Gilden: Take the negative and make a positive from it

The works of New York native, photographer Bruce Gilden, who has worked for five decades in the streets of the biggest cities, are on exhibit in the Kunsthalle (House of Arts) in Bratislava within the Month of Photography 2017.

Bruce Gilden: Feast of San Gennero, Little Italy, 1984.Bruce Gilden: Feast of San Gennero, Little Italy, 1984. (Source: Courtesy of MoPH)

Bruce Gilden's first exhibition in this region after decades, the legendary black-and-white series “Beautiful Catastrophe”, will be open for the public (as part of the 27th edition of the photography festival) until November 29. The name of the exhibition is a quote from architect Le Corbusier about New York. The collection contains strong, sincere portraits made “very close” in person. In an online interview, he answered talked to the Fotonoviny (Photo-news) magazine about his current Bratislava exhibition, as well as about his work more generally.

Fotonoviny (FN): How close are you to the people portrayed now, to tell their true story?

Bruce Gilden (BG): Nobody knows if it is true story; it is my story. I am a pretty good judge of characters. We all have our own truth. Somebody can look at the world a certain way, somebody looks at the world another way. I am very close now, because of the fact I am doing not only, but a lot of portraits…

But my quote was actually meant for the candid work, so the canvas was smaller, I had less and less background. The closer you are, the stronger is an image visually, but just because you are close does not mean you take a good picture. If you are far away from the subject, it is not a good picture, but of course, if you have great style then it is. There are no rules or regulations.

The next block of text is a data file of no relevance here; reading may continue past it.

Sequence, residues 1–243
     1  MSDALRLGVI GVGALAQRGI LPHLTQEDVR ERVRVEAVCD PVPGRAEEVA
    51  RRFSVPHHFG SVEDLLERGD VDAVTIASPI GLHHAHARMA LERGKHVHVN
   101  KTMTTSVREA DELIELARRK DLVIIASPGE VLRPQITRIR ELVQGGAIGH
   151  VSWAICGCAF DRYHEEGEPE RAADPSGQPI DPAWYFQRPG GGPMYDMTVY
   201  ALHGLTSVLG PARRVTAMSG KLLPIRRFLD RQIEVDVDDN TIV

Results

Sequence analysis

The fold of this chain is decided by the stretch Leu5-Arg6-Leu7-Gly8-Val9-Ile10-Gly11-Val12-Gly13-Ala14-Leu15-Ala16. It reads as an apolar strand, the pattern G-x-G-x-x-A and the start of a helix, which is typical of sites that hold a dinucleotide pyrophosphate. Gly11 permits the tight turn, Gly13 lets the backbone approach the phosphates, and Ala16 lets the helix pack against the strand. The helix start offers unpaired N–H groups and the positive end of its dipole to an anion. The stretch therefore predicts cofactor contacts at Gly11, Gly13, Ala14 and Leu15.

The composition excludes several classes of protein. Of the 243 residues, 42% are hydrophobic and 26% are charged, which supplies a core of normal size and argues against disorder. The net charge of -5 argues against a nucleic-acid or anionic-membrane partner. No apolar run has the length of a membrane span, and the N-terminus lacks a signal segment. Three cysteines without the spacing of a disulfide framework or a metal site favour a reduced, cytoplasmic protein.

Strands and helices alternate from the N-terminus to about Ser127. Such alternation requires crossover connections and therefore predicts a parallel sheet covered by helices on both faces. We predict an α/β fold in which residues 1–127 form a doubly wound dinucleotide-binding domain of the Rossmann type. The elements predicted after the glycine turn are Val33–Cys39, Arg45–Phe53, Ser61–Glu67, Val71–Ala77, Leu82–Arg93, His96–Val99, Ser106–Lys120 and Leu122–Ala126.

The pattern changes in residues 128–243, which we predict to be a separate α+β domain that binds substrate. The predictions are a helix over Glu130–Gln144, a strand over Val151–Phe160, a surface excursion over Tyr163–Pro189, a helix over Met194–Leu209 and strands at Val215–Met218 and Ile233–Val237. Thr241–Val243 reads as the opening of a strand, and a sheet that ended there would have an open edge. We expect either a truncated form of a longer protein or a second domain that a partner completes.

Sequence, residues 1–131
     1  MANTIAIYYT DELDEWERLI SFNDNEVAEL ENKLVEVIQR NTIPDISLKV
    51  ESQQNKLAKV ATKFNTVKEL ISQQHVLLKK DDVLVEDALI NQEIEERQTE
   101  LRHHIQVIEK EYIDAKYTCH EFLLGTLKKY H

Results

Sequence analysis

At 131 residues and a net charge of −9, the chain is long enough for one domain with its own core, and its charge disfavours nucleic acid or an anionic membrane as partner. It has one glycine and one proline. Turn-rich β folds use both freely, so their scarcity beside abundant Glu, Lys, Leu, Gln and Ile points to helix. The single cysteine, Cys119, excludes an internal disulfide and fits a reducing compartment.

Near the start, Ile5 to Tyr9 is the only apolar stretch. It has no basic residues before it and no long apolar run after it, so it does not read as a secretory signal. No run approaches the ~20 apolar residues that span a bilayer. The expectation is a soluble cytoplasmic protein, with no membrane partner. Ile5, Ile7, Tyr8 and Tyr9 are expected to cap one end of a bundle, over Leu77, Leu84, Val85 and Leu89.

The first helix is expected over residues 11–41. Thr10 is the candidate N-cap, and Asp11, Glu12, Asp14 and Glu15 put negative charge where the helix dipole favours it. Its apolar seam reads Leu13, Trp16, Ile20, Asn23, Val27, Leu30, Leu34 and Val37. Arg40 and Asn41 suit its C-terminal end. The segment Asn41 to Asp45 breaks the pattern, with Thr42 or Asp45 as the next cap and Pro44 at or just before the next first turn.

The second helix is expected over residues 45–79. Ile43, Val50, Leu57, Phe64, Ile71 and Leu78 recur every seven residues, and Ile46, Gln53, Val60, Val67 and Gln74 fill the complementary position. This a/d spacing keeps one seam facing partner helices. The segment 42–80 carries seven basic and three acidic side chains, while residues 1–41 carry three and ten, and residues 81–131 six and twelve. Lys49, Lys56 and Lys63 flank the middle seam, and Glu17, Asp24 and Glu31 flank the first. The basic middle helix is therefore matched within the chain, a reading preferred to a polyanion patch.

For me – for example – when I go through a contact sheet I see a picture that looks OK, then I went a few feet closer, that picture was always stronger, and usually better and so I adapted that style for myself, for my pictures.

FN: You changed from black-and-white analogue photography all the way to colour digital photography, and extremely close portraits. How did you discover your remarkable style?

BG: When I started photography, I learned from looking at magazines and books. If I saw something I liked, I tried to figure out what lens the person used, and where the person stood to take a picture. Of course, I am fortunate that I always knew what interested me in photography… I knew I liked characters, people that are little different, people that have a lot of experience. That’s why I do not photograph too many young people – I am not interested.

As I got older I obviously kept getting ever closer, because I became more and more demanding. And I also had much better control of the camera. I was a pretty good athlete so I had a very good mobility, I was able to do this in candid situations. When people were moving fast in the crowd I was able to isolate them where I wanted. If you look at my contact sheets, most of the pictures are wonderful, but they are formed well, I had good balance… It is not important if anybody likes them or not… I do not care if people do not like the subjects I choose... I won’t photograph people that don’t interest me, I would not photograph a person in a Rolls Royce, or something like that.

FN: How do you perceive your subjects?